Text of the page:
Inclusion Criteria: - Age <80 years old - Preoperative American Society of Anesthesiologists grade I (normal healthy patient) or II (mild systemic disease) - Access to ancillary care, including phone advice, nurse and outpatient clinic numbers - Caretaker at home for at least 24 hours post-operatively - Able to speak and read English - Has decision-making capacity and able to provide consent for research participation Exclusion Criteria: - Laparoscopic, robotic, or open abdominal surgical procedures that require an overnight admission. This may be due to unanticipated additional intraoperative procedures or surgical complications such as unintentional cystotomy or enterotomy, hemorrhage, or anesthetic complication. - Patients undergoing concomitant laparoscopic colorectal procedures or anal sphincteroplasty - Surgery start time after 1:00PM, as previous studies have determined this is associated with a decreased likelihood of SDD3,14 - Pregnancy or positive hCG testing, which is standard of care preoperative testing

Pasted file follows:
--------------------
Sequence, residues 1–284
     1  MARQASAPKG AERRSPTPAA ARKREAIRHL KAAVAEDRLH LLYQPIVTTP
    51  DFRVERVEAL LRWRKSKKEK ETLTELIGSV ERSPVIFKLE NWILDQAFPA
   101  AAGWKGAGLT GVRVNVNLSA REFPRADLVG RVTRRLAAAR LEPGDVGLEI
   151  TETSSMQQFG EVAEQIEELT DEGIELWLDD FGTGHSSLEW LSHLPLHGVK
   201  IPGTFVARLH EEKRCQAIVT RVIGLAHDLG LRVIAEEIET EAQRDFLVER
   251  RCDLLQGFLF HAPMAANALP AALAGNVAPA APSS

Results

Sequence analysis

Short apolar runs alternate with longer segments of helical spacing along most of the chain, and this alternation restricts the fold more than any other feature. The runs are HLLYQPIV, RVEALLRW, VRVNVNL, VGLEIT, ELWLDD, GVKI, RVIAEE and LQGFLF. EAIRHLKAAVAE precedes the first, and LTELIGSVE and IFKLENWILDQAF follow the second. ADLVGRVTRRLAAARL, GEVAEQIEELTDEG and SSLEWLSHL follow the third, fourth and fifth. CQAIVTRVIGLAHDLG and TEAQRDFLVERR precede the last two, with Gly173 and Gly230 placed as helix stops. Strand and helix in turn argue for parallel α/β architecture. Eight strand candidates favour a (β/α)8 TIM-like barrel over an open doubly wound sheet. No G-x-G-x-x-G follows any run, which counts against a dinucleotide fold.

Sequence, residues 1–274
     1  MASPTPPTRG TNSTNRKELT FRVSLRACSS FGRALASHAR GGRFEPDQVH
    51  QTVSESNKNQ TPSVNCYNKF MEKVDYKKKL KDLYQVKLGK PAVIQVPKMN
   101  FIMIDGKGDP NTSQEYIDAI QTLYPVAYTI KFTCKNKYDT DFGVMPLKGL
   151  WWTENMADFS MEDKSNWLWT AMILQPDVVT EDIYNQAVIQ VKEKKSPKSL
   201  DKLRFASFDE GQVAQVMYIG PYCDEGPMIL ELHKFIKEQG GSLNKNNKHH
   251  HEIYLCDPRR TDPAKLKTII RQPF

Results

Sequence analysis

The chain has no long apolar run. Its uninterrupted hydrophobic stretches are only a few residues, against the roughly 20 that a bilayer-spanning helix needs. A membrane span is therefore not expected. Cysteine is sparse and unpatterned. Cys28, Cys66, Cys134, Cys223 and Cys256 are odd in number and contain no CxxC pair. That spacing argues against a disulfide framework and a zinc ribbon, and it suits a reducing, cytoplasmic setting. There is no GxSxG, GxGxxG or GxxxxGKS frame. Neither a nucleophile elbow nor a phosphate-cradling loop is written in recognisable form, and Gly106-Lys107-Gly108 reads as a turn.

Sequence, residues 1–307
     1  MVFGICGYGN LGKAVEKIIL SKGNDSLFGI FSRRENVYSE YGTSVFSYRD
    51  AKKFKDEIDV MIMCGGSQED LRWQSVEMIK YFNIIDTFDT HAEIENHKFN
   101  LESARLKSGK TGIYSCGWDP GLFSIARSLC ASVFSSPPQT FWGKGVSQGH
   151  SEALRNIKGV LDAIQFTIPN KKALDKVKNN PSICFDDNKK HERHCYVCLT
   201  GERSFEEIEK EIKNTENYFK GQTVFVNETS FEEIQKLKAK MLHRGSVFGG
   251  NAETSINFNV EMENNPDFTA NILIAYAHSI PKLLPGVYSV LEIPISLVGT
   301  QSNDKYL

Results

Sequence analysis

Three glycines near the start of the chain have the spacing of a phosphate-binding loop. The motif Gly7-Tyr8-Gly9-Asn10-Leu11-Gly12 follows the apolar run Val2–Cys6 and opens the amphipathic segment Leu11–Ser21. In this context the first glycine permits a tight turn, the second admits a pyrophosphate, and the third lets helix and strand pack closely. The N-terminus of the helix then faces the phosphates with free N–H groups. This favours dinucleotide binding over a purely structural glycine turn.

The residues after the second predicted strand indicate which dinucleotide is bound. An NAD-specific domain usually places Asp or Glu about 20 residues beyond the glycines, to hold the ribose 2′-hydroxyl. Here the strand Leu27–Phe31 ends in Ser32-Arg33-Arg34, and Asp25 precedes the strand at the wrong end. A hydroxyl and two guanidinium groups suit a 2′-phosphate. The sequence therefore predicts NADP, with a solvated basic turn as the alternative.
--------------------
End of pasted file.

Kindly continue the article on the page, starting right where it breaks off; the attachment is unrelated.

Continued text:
NCT ID:

NCT03730103


Primary Contact:

Principal Investigator
Lisa C Hickman, MD
The Cleveland Clinic

Lisa C Hickman, MD
Phone: 216-445-0439
Email: hickmal@ccf.org


Backup Contact:

Email: paraism@ccf.org
Marie Paraiso, MD
Phone: 216-445-0439


Location Contact:

Cleveland, Ohio 44195
United States

Marie F Paraiso, M.D.
Email: paraism@ccf.org

Site Status: Recruiting


Data Source: ClinicalTrials.gov

Date Processed: October 09, 2019